A fructan is a polymer of fructose molecules. Fructans with a short chain length are known as fructooligosaccharides. Fructans can be found in over 12% of the angiosperms including both monocots and dicots such as agave, artichokes, asparagus, leeks, garlic, onions (including spring onions), yacón, jícama, barley and wheat.
Fructans are built up of fructose residues, normally with a sucrose unit (i.e. a glucose–fructose disaccharide) at what would otherwise be the reducing terminus. The linkage position of the fructose residues determine the type of the fructan. There are five types of fructans.
- 1-linked: in inulin, the fructosyl residues are linked by β-2,1-linkages
- 6-linked: in levan and phlein, the fructosyl residues are linked by β-2,6-linkages
Two more types of fructans are more complex: they are formed on a 6G-kestotriose backbone where elongations occur on both sides of the molecule. Again two types are discerned:
Fructans are important storage polysaccharides in the stems of many species of grasses and confer a degree of freezing tolerance. A notable exception is rice, which is unable to synthesise fructans.
In barley, fructan accumulates in the cell vacuoles and acts as a carbon sink within the cell to facilitate photosynthesis. Fructan reserves are transported to the reproductive tissue during grain filling, and to the vegetative tissues during periods of growth.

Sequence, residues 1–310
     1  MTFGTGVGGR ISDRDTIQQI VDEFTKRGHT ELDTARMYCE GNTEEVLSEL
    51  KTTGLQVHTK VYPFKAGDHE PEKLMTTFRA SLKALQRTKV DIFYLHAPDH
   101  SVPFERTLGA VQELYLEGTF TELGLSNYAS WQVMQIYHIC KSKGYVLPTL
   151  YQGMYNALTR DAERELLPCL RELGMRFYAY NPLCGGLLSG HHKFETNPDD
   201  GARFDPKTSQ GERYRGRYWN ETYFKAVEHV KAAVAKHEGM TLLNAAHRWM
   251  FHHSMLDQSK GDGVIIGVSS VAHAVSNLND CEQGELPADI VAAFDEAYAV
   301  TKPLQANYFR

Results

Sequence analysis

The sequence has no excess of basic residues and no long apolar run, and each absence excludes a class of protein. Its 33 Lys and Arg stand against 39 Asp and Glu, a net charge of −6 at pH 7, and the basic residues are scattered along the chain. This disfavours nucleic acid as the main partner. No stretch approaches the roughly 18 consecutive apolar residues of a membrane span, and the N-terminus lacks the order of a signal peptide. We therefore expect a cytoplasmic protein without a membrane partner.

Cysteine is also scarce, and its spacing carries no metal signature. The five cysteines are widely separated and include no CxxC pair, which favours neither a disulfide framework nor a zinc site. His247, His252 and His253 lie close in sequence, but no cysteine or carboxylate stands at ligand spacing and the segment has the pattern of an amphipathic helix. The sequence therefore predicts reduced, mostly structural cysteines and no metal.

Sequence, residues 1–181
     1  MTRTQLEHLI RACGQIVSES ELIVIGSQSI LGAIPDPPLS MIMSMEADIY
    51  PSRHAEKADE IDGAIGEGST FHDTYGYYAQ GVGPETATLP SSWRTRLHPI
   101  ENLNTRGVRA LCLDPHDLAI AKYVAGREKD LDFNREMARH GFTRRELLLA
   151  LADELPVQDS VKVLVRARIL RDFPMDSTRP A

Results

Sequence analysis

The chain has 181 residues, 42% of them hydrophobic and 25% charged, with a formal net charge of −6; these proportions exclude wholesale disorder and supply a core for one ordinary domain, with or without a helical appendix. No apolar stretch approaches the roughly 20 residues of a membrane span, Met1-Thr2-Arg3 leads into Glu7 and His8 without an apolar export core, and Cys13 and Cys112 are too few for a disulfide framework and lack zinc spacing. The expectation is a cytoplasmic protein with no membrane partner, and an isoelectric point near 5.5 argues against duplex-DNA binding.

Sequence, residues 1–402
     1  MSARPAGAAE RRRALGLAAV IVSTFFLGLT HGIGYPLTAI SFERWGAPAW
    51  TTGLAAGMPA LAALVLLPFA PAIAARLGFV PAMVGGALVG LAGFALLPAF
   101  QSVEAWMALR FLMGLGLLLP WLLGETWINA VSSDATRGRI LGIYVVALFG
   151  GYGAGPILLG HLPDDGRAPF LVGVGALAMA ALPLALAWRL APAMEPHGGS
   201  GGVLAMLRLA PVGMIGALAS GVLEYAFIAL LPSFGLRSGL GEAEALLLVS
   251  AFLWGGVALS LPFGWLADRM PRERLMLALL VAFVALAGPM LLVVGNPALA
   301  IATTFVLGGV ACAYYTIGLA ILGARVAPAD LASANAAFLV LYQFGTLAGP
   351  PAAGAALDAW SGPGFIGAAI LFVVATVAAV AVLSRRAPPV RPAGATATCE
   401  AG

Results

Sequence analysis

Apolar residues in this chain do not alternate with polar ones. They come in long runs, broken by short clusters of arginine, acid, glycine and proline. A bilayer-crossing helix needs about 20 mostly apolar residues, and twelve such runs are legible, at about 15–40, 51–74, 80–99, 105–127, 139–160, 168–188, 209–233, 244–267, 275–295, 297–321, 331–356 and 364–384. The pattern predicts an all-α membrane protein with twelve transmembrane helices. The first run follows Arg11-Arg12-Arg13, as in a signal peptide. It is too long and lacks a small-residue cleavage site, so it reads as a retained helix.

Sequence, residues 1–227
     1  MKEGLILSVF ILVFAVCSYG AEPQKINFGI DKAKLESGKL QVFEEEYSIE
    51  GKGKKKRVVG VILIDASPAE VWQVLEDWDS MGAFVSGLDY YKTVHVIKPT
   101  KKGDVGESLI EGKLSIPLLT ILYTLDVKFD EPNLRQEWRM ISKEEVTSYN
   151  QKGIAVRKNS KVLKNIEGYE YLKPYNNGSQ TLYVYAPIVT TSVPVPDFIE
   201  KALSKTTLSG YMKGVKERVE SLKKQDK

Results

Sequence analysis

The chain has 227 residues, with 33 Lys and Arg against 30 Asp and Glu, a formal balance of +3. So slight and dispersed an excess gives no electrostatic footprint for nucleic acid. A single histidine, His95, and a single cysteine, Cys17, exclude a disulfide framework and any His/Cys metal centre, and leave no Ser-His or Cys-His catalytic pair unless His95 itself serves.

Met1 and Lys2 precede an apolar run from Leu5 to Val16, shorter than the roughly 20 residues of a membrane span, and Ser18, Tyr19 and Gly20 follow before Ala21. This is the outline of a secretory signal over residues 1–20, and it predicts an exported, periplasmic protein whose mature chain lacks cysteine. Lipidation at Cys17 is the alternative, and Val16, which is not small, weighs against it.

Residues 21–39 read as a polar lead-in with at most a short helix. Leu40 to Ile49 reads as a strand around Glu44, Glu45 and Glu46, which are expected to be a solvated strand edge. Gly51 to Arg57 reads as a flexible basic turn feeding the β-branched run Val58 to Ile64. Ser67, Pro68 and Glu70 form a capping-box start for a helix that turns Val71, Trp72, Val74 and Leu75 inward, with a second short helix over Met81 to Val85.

Chicory inulin-type fructans are used mainly as the raw materials for industrial production of fructans as food ingredients. Use in the food industry is based on the nutritional and technological properties of fructans as a prebiotic dietary fiber.
Fructan content of various foodsEdit
|Barley kernels (very young)||22%|
|Wheat bread (white)||0.7–2.8%|
|Look up fructan in Wiktionary, the free dictionary.|
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Fructans, on the basis of glycosidic linkage, are categorized into five groups: (a) inulin having β(2 → 1) linkage, (b) levan/phlein having β(2 → 6) linkage, (c) graminin (having inulin or levan backbone with ≥ 1 short branch), (d) inulin neoseries (like inulin but one glucose unit between two fructose moieties), and (e) levan neoseries (like levan but one glucose unit between two fructose moieties) (Figure 1).
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